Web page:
A ‘historical epic’ about a Swedish family emigrating to the States, told unhurriedly in the most intimate and natural of ways.
Dir. Jan Troell
1971 | Sweden | Drama | 191 mins | 1.66: 1 | Swedish
Not rated (likely to be PG13 for some mature themes)
Cast: Max von Sydow, Liv Ullmann, Eddie Axberg
Plot: In the middle of the 19th century, a family lives in a small rural village in southern Sweden. However, the small size of their land, the infertile soil, and some bad harvests make it tough.
Awards: Nom. for 5 Oscars – Best Picture, Best Foreign Language Film, Best Director, Best Leading Actress, Best Adapted Screenplay
Source: Svensk Filmindustri
Subject Matter: Moderate
Narrative Style: Slightly Complex
Audience Type: Slightly Arthouse
(Reviewed on Criterion Blu-ray)
Finally, an early Jan Troell film that I really, really like, after what I felt was a miss for me with his epic debut feature, Here Is Your Life (1966), a beautiful film that I somewhat found difficult to like or enjoy. Here in The Emigrants, he has fashioned a two-parter film (the follow-up being 1972’s A New Land) that has a combined running time of more than six hours.
In true ‘historical epic’ fashion, The Emigrants charts the life of a Swedish family struggling in their native land, which leads them to make the biggest decision of their lives: to emigrate somewhere. Maybe the States, which they have heard so much about—well, that’s where the fields promise bountiful returns; where slaves are treated much better (really?); and where one could work as he shall please. It might be hearsay, but hope is a beautiful thing.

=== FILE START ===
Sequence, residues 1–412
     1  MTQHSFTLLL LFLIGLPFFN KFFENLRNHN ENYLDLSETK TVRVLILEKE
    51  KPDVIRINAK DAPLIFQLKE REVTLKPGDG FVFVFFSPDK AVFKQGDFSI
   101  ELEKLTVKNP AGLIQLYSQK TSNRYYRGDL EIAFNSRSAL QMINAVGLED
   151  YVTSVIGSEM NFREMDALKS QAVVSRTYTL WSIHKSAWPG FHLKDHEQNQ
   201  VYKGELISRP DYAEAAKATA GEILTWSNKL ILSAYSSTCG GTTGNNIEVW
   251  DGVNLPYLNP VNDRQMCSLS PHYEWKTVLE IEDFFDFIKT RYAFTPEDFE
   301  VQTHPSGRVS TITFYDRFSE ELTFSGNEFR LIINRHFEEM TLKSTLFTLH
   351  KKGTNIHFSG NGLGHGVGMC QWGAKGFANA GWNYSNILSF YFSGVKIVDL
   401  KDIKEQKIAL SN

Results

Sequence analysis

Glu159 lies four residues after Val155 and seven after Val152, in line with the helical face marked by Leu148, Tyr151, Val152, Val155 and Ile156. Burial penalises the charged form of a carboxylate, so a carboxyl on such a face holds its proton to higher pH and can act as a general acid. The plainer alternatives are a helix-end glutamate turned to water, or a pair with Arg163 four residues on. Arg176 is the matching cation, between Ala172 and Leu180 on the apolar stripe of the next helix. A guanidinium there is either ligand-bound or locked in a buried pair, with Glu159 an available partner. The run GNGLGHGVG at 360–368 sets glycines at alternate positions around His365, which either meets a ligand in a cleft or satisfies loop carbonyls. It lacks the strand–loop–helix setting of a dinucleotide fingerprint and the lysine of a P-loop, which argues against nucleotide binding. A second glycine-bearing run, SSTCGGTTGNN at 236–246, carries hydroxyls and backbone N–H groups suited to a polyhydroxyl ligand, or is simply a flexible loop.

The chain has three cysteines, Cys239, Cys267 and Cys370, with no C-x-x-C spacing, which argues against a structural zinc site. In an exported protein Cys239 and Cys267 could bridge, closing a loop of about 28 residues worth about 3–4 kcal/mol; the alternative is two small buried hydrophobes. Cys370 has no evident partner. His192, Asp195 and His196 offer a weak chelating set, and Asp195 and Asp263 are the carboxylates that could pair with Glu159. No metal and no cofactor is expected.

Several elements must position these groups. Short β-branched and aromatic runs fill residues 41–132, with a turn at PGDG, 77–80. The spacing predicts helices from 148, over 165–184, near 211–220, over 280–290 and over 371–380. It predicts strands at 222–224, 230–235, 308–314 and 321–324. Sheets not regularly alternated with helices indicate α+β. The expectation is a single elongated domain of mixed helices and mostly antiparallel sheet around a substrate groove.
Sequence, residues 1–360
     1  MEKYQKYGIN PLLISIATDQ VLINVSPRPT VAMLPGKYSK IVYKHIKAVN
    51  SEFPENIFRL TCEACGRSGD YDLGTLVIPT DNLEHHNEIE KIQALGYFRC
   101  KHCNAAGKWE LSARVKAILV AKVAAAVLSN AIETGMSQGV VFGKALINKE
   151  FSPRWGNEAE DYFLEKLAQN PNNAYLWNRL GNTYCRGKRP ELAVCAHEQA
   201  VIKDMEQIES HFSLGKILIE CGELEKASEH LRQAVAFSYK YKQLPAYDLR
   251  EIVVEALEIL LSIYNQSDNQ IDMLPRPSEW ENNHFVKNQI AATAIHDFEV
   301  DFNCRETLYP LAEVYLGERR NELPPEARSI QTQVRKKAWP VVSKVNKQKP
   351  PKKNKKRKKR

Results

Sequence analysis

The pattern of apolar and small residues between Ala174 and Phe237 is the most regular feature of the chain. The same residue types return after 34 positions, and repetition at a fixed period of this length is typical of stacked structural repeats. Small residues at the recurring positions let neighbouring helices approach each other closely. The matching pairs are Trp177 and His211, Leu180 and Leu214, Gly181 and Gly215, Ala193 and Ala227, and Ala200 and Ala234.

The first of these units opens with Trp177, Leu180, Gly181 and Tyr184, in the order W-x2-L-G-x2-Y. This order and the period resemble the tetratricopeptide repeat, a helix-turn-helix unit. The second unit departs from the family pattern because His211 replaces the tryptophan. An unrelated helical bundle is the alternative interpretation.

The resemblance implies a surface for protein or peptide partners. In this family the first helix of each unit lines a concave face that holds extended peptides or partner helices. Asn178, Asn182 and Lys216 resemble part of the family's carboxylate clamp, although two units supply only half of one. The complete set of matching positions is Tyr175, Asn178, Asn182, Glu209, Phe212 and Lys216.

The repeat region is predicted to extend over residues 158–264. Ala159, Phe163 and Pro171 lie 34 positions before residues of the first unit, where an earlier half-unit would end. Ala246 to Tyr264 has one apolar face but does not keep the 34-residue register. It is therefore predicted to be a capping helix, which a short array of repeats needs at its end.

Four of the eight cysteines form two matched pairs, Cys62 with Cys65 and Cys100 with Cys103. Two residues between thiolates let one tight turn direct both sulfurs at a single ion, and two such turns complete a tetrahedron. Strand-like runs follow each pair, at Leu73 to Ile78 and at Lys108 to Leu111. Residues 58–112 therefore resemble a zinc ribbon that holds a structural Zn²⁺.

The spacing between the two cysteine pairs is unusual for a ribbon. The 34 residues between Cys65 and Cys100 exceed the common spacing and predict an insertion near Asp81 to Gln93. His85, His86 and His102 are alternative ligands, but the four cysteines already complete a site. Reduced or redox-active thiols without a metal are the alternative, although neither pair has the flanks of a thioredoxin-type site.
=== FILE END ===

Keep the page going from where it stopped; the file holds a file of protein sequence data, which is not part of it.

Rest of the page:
“The Emigrants” is the first movie to be nominated for Best Picture and Best Foreign Language Film at the Academy Awards, and not win either award.
Hope, in Troell’s film, is rather elusive—the fact that religiosity plays a huge part in these characters’ social routines and psychological make-up tells us that these God-fearing folks desire some kind of karmic certainty, even if they are asked to believe in God’s ways amid uncertain times and desperate conditions.
Two of Sweden’s greatest stars, Liv Ullmann and Max von Sydow, play Kristina and Karl respectively, a couple with a number of young children. Working to grow food to survive and earn enough to clear debts and make ends meet, they are at the mercy of the weather and authority. The Emigrants is split into two halves with a short intermission. The first half charts their pastoral lives and community, whilst the second half, puts them on a ship across the formidable Atlantic Ocean in a long and arduous journey.
Stanley Kubrick was a deep admirer of the film, and tried to call director Jan Troell to discuss the film. Troell thought it was a prank call and hung up.
Troell is a master of capturing the minutiae of daily life (he’s even the film’s cinematographer). He is not interested in quick cuts, but a range of long dynamic and static shots that bring the astonishing landscapes to the fore; at the same time, he doesn’t lose sight of human emotions and relational dynamics. Ullmann’s performance is especially nuanced and effective—her face speaks a thousand words.
One of the few European films of that time to garner a more than sizable American distribution, and was even nominated for the Oscars in five major categories (quite a rare feat!), The Emigrants is one of Troell’s defining works.